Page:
James Webb Space Telescope spots the icy building blocks of life swirling around infant stars

An image of a region parallel to the massive protostar known as IRAS23385 (star not visible)
An image of a region parallel to the massive protostar known as IRAS23385 (star not visible) (Image credit: ESA/Webb, NASA, CSA, W. Rocha et al. (Leiden University))

Using the James Webb Space Telescope, astronomers have identified several of the icy building blocks of life in the gas and dust swirling around two infant stars, or "protostars." The molecules spotted range from relatively simple molecules like methane to complex compounds like acetic acid and ethanol.

Complex organic molecules (COMs) in solid, icy form had previously been predicted to exist around protostars that have not yet begun birthing planets around them. This prediction, however, stemmed from Earth-based lab experiments. The theory had been tentatively confirmed in the past using space telescopes, including the James Webb Space Telescope itself. The JWST found diverse ices in the darkest, coldest regions of a molecular cloud as part of the JWST Early Release Science Ice Age program.

But thanks to observations of the clouds around protostars IRAS23385 and IRAS 2A, taken with the JWST's highly sensitive Mid-Infrared Instrument (MIRI) as part of the James Webb Observations of Young ProtoStars (JOYS+) program, the presence of these ices has now been confirmed.

Of particular interest for future study will be the material around the low-mass protostar IRAS 2A, which may have similarities with our sun — when the sun was in its primordial stages over 4.6 billion years ago, that is. That means the same chemical ices identified around IRAS 2A were likely present in the first stages of our solar system's own development, eventually finding themselves delivered to the primitive Earth.

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"This finding contributes to one of the long-standing questions in astrochemistry," team leader and Leiden University researcher Will Rocha said in a statement. "What is the origin of COMs in space? Are they made in the gas phase or in ice? The detection of COMs in ices suggests that solid-phase chemical reactions on the surfaces of cold dust grains can build complex kinds of molecules."

The spectrum light light coming from the protostar IRAS 2A revealing a wealth of complex, carbon-containing (organic) molecules.  (Image credit: NASA, ESA, CSA, L. Hustak (STScI))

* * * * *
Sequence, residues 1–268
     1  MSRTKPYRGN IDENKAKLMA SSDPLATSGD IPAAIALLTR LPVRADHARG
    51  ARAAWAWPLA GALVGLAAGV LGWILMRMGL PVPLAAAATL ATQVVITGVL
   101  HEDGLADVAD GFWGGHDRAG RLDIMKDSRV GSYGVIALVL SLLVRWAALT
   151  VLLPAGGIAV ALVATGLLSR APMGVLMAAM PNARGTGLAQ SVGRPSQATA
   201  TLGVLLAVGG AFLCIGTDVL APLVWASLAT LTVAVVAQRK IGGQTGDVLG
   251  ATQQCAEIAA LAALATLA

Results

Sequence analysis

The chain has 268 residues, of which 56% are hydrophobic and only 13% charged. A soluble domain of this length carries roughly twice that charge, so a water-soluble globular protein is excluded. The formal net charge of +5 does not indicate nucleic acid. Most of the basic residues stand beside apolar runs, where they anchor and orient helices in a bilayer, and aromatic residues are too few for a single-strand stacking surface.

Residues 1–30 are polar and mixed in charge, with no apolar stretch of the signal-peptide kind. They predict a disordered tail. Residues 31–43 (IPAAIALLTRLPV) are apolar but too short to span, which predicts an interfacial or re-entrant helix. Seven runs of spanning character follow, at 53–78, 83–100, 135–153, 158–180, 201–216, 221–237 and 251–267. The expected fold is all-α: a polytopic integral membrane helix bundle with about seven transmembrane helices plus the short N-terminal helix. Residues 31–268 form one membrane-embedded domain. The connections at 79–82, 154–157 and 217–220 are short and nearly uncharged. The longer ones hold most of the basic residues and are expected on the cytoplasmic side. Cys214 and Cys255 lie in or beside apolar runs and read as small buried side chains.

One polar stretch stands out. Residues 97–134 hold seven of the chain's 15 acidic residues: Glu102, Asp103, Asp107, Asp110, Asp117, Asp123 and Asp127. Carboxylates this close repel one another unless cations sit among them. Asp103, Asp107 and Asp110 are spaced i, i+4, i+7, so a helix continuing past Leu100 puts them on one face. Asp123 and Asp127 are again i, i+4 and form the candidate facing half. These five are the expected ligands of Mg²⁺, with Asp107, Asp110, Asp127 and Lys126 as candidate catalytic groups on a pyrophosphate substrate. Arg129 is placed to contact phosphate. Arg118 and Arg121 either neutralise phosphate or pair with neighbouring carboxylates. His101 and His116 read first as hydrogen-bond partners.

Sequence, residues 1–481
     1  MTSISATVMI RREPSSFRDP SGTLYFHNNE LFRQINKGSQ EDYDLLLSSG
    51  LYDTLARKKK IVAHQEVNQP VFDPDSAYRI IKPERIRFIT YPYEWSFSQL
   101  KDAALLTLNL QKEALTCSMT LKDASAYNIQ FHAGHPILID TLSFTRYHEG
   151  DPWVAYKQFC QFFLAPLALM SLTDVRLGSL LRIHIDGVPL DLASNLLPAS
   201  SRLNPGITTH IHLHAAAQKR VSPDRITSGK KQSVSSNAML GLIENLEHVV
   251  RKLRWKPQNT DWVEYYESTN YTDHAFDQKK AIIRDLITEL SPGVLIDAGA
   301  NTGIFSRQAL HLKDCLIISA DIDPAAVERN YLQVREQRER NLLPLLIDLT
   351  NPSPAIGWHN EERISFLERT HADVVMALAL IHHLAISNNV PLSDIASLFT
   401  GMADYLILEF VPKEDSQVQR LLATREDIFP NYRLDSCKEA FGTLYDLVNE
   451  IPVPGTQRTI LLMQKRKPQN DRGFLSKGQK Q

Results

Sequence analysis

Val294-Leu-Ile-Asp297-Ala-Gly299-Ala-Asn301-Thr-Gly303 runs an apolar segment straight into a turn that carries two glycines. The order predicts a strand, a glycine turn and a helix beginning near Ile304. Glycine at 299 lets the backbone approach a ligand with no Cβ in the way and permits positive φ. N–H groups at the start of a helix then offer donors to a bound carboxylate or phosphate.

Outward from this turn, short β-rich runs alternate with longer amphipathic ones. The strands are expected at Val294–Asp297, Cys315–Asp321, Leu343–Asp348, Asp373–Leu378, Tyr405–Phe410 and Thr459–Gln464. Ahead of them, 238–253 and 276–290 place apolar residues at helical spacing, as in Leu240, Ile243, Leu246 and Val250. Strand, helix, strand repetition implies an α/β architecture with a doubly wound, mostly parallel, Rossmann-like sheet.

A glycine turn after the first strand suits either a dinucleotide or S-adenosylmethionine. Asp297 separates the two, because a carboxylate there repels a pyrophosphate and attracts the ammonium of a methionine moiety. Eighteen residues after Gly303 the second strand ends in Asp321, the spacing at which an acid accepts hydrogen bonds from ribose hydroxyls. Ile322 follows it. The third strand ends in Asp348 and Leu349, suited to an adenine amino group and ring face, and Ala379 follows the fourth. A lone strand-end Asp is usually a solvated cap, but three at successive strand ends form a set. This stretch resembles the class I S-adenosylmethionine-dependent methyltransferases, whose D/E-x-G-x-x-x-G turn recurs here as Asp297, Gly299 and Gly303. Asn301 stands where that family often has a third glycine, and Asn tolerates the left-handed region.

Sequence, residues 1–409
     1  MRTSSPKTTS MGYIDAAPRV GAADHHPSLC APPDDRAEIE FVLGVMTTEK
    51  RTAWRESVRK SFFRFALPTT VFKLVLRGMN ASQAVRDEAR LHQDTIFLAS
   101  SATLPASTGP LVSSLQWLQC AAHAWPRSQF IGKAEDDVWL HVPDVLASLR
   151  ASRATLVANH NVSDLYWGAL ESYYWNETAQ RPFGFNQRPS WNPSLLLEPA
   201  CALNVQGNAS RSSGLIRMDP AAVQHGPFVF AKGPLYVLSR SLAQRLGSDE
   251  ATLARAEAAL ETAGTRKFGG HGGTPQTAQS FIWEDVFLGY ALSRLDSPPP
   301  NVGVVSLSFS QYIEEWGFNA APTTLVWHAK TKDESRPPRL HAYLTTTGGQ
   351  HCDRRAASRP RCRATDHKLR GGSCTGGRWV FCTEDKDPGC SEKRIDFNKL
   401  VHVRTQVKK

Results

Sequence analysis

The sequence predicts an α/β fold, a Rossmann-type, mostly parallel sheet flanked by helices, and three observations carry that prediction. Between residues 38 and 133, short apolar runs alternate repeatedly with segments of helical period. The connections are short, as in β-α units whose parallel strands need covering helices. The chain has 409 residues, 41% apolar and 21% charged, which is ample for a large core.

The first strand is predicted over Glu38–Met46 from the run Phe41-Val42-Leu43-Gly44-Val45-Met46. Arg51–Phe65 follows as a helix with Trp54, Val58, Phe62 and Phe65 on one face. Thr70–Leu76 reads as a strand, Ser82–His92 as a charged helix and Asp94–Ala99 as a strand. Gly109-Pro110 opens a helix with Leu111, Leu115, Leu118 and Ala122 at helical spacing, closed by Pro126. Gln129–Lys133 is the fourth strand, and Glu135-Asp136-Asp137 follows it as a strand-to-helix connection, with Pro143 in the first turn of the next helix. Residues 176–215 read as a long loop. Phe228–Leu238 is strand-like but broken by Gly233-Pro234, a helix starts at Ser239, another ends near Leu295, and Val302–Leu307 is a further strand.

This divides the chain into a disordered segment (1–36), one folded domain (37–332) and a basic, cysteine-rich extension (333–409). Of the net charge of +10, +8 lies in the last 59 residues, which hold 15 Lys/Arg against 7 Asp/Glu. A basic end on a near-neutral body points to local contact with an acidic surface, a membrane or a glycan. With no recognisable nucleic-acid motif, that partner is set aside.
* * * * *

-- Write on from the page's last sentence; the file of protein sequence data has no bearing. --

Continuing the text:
Familiar molecules around distant stars

It's worth noting that COMs have technically been detected around protostars before, but in the form of warm gas. Research has suggested that these gases are created when the solid ice is transformed into such gas directly, therefore skipping the liquid phase. This is a process called "sublimation." 

Detecting these icy COMs could, however, help better understand the origins of even larger molecules in space.

Additionally, scientists are eager to better understand how molecules like COMs get delivered to planets in the latter evolutionary stages of protostars, when these stellar infants have nearly gathered enough mass from their surroundings to trigger the fusion of hydrogen to helium in their cores.

One suggestion is that because icy materials are more easily transported through planetary disks than gases are, COMs may be incorporated into forming comets as solid matter. These comets could then collide with forming planets to deliver these COMs, potentially allowing life as we know it to flourish. 

"All of these molecules can become part of comets and asteroids and eventually new planetary systems when the icy material is transported inward to the planet-forming discs as the protostellar system evolves,"  JOYS+ program coordinator and Leiden University researcher Ewine Dishoeck said.

An artist's illustration shows the "ice fossil" water snow line spotted around the young star V883 Orionis. (Image credit: A. Angelich (NRAO/AUI/NSF)/ALMA (ESO/NAOJ/NRAO))

The team successfully identified ices of acetaldehyde, ethanol (which we call alcohol), methyl formate and acetic acid, which is the acid found in vinegar. The crew also spotted less complex molecules in the form of ice including methane, sulfur dioxide, formaldehyde and formic acid, which is the molecule that makes bee stings painful.

The detection of sulfur dioxide may be particularly useful in understanding the formation of habitable planets around stars. This is because research has suggested that this compound, made up of sulfur and oxygen, as well as other sulfur-containing compounds, played an important role in driving metabolic reactions on the primitive Earth.

The team also detected negative ions, which are atoms with an overabundance of electrons, in the clouds of gas and dust around these protostars, which could be important to the formation of salts that help develop chemical complexity at high temperatures. The discovery of such ions hints that ices around these protostars could be more complex in composition than suspected, making them important targets for future research.

"We look forward to following this astrochemical trail step by step with more JWST data in the coming years," Dishoeck concluded.

The team's research is published in the journal Astronomy & Astrophysics

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Robert Lea
Senior Writer

Robert Lea is a science journalist in the U.K. whose articles have been published in Physics World, New Scientist, Astronomy Magazine, All About Space, Newsweek and ZME Science. He also writes about science communication for Elsevier and the European Journal of Physics. Rob holds a bachelor of science degree in physics and astronomy from the U.K.’s Open University. Follow him on Twitter @sciencef1rst.